Home > Articles > Operating Systems, Server > Solaris

  • Print
  • + Share This
Like this article? We recommend

How to Use the Tools

This section provides samples of how to use each of the tools covered in the "Tools" section. We provide sample output and tips on interpreting the results. Use this information with the sample attack scenarios in the "Techniques" section.

Using Port Scanners

To demonstrate the capabilities of the Nmap port scanner, we ran the following scan. The output of the scan reveals the services running on the machine. Nmap's ability to identify the OS running on the system is particularly useful because it can significantly reduce the time required to launch a successful attack against the machine.

Based on the Nmap results, this system appears to be a fully loaded Solaris 2.6 or 7 OE system running most of the default services.

The Nmap output is as follows:

# /usr/local/nmap -O ganassi

Starting nmap V. 2.53 (http://www.insecure.org/nmap/)
Interesting ports on ganassi (10.8.10.231):
(The 1515 ports scanned but not shown below are in state: closed)
Port    State    Service
7/tcp   open    echo
9/tcp   open    discard
13/tcp   open    daytime
19/tcp   open    chargen
21/tcp   open    ftp
23/tcp   open    telnet
25/tcp   open    smtp
37/tcp   open    time
79/tcp   open    finger
111/tcp  open    sunrpc
512/tcp  open    exec
513/tcp  open    login
514/tcp  open    shell
515/tcp  open    printer
540/tcp  open    uucp
1103/tcp  open    xaudio
4045/tcp  open    lockd
6112/tcp  open    dtspc
7100/tcp  open    font-service
32771/tcp open    sometimes-rpc5
32772/tcp open    sometimes-rpc7
32773/tcp open    sometimes-rpc9
32774/tcp open    sometimes-rpc11
32775/tcp open    sometimes-rpc13
32776/tcp open    sometimes-rpc15
32777/tcp open    sometimes-rpc17
32778/tcp open    sometimes-rpc19

Remote operating system guess: Solaris 2.6 - 2.7
Uptime 0.054 days (since Wed Sep 12 09:41:59 2001)

Nmap run completed -- 1 IP address (1 host up) scanned in 37 seconds

Using Vulnerability Scanners

To demonstrate the capabilities of the Nessus vulnerability scanner, we ran the following scan.

The command in our example runs a Nessus scan against the hosts listed in targetfile and stores the output in outfile:

# nessus -T text localhost 1241 noorder targetfile outfile

The Nessus output begins with a summary of the scan results:

Nessus Scan Report
------------------

SUMMARY

 - Number of hosts which were alive during the test : 1
 - Number of security holes found : 2
 - Number of security warnings found : 15
 - Number of security notes found : 1

TESTED HOSTS

 192.168.0.90 (Security holes found)

The output continues with details for each of the security warnings found. The following is an excerpt from the output:

DETAILS

+ 192.168.0.90 :
 . List of open ports :
  - unknown (161/udp) (Security hole found)
  - unknown (32779/udp) (Security warnings found)
  - unknown (32775/tcp) (Security warnings found)
  - unknown (32776/udp) (Security warnings found)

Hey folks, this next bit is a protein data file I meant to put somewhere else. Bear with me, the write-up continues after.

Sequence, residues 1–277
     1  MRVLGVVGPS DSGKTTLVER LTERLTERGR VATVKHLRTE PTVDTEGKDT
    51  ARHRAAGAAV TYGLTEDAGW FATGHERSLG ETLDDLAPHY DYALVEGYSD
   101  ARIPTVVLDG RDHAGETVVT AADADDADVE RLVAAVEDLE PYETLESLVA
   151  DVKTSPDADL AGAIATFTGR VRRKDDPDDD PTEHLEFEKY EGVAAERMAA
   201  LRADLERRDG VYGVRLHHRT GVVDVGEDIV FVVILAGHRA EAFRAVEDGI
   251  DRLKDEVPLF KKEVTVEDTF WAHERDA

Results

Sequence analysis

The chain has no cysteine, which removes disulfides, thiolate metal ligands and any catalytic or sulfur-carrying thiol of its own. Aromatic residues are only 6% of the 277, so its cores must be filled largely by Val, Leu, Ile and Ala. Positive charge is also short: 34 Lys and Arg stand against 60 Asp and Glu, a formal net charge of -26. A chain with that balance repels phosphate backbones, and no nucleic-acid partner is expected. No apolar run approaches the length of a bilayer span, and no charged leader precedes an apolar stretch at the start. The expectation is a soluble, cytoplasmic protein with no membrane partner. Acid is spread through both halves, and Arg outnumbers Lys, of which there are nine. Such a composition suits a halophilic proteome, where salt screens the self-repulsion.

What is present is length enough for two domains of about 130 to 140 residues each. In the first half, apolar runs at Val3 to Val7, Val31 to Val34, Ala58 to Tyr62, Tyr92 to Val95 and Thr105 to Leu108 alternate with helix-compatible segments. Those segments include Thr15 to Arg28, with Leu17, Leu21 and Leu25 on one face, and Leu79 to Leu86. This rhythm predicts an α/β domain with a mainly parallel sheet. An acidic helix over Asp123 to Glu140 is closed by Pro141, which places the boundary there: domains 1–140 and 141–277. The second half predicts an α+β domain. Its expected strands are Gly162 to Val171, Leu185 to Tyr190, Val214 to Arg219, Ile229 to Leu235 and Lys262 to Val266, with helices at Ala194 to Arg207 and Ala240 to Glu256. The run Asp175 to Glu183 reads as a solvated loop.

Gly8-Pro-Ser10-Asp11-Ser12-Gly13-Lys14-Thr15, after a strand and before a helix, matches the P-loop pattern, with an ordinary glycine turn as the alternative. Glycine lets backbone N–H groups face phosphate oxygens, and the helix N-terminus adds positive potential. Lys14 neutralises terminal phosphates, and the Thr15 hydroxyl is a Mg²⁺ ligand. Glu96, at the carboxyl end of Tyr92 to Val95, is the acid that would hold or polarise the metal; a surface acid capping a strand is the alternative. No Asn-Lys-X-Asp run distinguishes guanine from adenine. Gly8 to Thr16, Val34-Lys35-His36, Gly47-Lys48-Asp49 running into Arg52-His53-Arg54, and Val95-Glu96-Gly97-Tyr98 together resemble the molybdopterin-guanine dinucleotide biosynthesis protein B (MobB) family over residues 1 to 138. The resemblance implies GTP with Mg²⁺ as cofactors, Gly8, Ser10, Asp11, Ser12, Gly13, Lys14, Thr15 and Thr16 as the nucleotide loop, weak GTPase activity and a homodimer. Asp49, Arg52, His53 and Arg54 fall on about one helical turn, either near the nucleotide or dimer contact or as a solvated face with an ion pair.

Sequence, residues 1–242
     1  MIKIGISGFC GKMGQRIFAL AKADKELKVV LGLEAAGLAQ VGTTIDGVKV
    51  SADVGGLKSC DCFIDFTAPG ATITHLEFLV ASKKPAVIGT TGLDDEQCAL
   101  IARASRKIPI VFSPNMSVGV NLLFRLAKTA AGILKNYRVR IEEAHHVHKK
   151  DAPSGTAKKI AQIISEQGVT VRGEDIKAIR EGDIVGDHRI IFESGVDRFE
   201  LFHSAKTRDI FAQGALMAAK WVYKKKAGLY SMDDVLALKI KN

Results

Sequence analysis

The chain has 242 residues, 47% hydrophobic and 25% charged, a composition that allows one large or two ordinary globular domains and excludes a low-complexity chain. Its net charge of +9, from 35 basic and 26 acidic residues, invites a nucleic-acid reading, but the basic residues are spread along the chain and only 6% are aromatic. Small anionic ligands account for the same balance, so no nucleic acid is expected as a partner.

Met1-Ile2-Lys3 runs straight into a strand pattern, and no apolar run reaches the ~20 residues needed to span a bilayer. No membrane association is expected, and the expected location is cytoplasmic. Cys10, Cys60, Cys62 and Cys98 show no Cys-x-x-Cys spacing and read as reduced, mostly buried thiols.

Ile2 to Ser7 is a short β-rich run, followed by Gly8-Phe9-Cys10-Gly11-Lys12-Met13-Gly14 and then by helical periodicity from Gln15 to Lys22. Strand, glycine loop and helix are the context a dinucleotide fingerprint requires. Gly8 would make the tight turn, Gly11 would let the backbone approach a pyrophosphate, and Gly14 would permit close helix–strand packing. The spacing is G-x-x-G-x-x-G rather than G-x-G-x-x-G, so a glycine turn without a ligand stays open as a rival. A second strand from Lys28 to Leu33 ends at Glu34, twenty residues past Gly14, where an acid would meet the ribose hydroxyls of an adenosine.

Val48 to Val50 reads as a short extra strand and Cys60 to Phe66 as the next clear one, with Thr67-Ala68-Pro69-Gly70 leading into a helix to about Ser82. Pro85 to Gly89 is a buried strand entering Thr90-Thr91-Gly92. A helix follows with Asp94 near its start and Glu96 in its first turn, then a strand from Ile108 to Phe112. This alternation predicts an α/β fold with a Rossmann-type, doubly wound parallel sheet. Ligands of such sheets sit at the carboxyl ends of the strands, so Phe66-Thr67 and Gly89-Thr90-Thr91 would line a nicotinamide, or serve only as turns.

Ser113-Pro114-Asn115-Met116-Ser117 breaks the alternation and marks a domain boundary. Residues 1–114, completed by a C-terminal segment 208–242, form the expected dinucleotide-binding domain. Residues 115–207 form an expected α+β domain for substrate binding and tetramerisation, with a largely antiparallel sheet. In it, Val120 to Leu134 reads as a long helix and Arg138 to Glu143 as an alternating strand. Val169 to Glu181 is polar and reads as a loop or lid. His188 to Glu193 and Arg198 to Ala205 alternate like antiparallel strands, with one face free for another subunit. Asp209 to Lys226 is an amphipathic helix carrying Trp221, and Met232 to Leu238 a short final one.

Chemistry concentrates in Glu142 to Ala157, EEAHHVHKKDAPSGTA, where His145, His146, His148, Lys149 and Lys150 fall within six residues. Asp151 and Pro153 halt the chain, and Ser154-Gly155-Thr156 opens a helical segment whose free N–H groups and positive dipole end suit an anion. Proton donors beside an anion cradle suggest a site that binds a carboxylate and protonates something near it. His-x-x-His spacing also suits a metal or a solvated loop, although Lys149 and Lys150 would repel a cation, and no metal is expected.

- unknown (32778/udp) (Security warnings found)
  - unknown (32774/udp) (Security hole found)
  - unknown (32777/udp) (Security warnings found)
  - unknown (32780/udp) (Security warnings found)
  - unknown (32775/udp) (Security warnings found)
  - lockd (4045/udp) (Security warnings found)
  - unknown (32781/udp) (Security hole found)

. Vulnerability found on port unknown (32774/udp) :

  The sadmin RPC service is running.
  There is a bug in Solaris versions of
  this service that allow an intruder to
  execute arbitrary commands on your system.

  Solution : disable this service
  Risk factor : High

Using this output, hackers from our example scenarios ("Techniques") gain access to the system.

In addition to other vulnerabilities, the following "denial of service" (DoS) vulnerability appears in the output:

DETAILS

. List of open ports :
  - general/tcp (Security hole found)

 . Vulnerability found on port general/tcp :

  It was possible
  to make the remote server crash
  using the 'teardrop' attack.

  A cracker may use this attack to
  shut down this server, thus
  preventing your network from
  working properly.

  Solution : contact your operating
  system vendor for a patch.

  Risk factor : High
  CVE : CAN-1999-0015

The result of our Nessus scan reveals two security holes and 15 security warnings on a default Solaris 2.6 OE system.

Using Rootkits

To demonstrate the capabilities of a rootkit, we use one built for Solaris 2.6 OE. This rootkit is detailed in the Sun BluePrints_ OnLine article, The Solaris Fingerprint Database—A Security Tool for Solaris Software and Files. Additionally, this rootkit is documented by the HoneyNet project.

The rootkit has a variety of programs that fit into the following categories:

  • Network sniffers
  • Log file cleanup
  • Internet Relay Chat (IRC) proxy

Included in the rootkit is an installation script for automating the installation of rootkit programs, setting program permissions, and erasing evidence from the log files.

The installation of the rootkit is as follows:

ganassi# ./setup.sh
hax0r w1th gforce
Ok This thing is complete :-)
cp: cannot access l0gin
cp: cannot create /usr/local/bin/find: No such file or directory
mv: cannot access /etc/.ts
mv: cannot access /etc/.tp
- WTMP: